Understanding SEBI’s New Rules For Delisting Offers
SEBI building in Mumbai. (Photo: BloombergQuint)

Understanding SEBI’s New Rules For Delisting Offers

BloombergQuintOpinion

Introduction

On June 10, 2021, the Securities and Exchange Board of India introduced the SEBI (Delisting of Equity Shares) Regulations, 2021, which have now completely replaced the erstwhile regulations from 2009. A revamp of the delisting regime was imminent, and SEBI has sought to plug certain legal ambiguities and practical challenges that plagued the earlier regulations. This article analyses certain key considerations and processes involved in a voluntary delisting of equity shares of a company under the new delisting regulations.

The delisting regulations do not apply to a delisting pursuant to a resolution plan approved under Section 31 of the Insolvency and Bankruptcy Code, 2016, subject to satisfaction of certain conditions. The delisting regulations have also introduced provisions relating to the delisting of equity shares of a listed subsidiary company of a listed holding company pursuant to a scheme of arrangement under the Companies Act, 2013. These have been separately discussed in an earlier article published on June 15, 2021.

Key Considerations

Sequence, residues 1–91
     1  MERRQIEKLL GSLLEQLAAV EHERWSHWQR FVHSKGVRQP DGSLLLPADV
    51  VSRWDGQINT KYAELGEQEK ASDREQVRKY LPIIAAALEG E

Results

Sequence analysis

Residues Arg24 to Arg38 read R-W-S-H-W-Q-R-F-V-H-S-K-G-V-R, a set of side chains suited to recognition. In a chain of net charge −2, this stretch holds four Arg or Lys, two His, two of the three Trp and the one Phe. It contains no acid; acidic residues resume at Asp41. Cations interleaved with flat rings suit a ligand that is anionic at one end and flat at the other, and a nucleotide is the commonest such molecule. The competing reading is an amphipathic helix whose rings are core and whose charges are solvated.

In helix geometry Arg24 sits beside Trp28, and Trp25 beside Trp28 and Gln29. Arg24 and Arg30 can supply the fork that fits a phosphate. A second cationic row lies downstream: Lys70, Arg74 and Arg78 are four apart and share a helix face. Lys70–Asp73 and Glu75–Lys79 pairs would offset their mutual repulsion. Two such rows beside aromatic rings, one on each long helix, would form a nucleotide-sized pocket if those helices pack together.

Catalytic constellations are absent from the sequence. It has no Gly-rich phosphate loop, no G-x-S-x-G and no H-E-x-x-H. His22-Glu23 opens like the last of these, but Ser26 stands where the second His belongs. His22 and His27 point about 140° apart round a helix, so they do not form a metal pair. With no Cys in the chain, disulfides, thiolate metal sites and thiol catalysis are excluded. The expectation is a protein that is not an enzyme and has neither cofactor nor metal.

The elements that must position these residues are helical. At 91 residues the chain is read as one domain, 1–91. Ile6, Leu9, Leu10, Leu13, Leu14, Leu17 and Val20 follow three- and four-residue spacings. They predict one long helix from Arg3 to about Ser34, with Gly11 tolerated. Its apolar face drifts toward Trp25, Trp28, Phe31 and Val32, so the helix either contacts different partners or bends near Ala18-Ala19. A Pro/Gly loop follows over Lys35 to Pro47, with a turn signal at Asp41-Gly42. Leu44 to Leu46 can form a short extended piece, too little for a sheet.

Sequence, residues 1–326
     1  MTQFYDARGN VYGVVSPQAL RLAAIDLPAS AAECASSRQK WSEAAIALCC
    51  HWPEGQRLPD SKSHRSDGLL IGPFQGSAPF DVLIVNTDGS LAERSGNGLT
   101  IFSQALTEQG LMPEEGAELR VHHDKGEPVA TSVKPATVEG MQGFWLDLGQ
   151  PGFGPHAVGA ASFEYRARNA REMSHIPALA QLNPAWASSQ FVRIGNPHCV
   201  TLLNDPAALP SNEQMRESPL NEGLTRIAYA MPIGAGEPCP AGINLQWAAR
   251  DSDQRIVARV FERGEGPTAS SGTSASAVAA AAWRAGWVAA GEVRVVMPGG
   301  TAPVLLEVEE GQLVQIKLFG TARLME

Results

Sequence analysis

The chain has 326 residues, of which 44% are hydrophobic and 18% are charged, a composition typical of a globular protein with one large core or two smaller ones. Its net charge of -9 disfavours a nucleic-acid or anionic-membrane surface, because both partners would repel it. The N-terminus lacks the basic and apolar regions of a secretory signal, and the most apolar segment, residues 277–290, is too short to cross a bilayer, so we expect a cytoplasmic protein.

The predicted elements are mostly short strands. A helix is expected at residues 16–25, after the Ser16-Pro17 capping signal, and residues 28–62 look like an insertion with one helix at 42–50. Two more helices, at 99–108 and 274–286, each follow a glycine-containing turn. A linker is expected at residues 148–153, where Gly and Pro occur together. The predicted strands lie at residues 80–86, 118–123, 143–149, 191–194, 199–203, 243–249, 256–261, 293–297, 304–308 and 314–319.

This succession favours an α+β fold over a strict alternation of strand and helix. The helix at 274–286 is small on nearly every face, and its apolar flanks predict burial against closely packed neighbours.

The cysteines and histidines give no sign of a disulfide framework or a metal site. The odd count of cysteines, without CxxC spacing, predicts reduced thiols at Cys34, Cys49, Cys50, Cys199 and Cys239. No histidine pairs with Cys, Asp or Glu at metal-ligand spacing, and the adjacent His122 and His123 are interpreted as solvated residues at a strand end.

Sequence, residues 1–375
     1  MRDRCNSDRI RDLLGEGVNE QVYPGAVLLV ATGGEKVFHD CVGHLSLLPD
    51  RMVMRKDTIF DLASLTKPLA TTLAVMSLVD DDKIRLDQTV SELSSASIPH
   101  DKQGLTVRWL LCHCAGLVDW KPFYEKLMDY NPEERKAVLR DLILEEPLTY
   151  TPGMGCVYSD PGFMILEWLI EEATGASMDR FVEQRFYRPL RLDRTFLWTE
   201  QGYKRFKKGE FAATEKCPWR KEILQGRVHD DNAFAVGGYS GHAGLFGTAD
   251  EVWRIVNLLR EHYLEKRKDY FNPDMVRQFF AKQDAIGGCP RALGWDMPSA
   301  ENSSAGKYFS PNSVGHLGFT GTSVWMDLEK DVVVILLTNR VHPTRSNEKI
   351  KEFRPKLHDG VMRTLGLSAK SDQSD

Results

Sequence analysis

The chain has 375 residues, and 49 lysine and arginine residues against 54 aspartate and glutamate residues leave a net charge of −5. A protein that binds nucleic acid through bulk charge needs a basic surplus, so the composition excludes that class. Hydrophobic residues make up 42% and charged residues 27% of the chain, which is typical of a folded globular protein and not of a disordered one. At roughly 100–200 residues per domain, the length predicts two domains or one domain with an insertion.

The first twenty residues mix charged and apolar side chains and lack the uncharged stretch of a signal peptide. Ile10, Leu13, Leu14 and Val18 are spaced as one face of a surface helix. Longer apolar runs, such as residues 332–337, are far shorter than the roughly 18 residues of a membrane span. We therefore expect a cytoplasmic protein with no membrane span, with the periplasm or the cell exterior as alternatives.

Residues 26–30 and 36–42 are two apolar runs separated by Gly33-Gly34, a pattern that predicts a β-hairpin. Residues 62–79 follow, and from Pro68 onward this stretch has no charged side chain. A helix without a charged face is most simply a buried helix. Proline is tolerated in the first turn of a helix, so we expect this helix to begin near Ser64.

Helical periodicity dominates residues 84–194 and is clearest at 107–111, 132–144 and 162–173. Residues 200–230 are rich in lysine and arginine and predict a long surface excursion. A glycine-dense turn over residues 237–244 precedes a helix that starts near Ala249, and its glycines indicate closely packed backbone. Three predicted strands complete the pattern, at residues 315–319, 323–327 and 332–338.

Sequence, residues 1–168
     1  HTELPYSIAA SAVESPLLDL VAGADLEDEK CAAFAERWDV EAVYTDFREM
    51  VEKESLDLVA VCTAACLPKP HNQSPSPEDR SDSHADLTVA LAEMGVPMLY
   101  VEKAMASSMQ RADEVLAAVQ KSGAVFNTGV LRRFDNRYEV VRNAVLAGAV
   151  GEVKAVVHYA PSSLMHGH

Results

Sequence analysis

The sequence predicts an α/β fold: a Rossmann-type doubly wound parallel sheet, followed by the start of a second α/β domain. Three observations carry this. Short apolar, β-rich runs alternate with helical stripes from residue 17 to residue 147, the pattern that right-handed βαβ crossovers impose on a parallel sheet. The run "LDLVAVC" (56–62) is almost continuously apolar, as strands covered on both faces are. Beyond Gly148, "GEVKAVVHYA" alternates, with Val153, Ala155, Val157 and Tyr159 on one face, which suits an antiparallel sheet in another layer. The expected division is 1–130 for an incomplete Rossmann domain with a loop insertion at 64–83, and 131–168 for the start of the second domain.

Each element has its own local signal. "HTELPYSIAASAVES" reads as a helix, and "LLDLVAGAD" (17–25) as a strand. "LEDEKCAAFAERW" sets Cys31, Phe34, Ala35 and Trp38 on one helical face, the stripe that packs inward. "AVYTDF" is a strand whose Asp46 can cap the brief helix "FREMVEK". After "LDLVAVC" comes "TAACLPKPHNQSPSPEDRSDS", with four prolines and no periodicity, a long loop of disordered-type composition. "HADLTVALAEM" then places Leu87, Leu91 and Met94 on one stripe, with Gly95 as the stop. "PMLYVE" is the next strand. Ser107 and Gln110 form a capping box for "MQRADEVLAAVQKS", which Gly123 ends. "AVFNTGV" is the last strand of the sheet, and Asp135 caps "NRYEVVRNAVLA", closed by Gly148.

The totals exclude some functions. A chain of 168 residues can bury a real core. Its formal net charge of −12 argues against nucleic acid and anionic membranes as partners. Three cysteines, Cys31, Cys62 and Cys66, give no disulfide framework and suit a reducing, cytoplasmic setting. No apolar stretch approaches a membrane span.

Eligibility for delisting

To initiate delisting of a company, the acquirer proposing the delisting and the company itself are required to satisfy certain eligibility criteria:

  • The company should have been listed for at least 3 years;

  • A cooling-off period of at least six months should have elapsed from the date of completion of an earlier buyback, preferential allotment, or failed delisting offer;

  • There should be no outstanding securities that are convertible into equity shares sought to be delisted;

  • The acquirer should not have sold equity shares of the company at least six months prior to making the initial public announcement for the delisting offer.

Except for the newly introduced ‘cooling off’ period, all the other eligibility criteria have been substantially retained from the erstwhile regulations.

Floor price and indicative price

The minimum acquisition price for the delisting is determined based on parameters set out in the SEBI (Substantial Acquisition of Shares and Takeovers) Regulations, 2011, and disclosed as the ‘floor price’. This concept has been carried over from the erstwhile regulations without any change.

Now the acquirer also has the option to disclose an ‘indicative price’ (higher than the floor price). As a matter of practice, an indicative price has been disclosed in several delisting offers over the years (to indicate to the market an acceptable price range) – the delisting regulations now formally recognise this concept. The acquirer also has the option to increase such indicative price until the bidding process commences.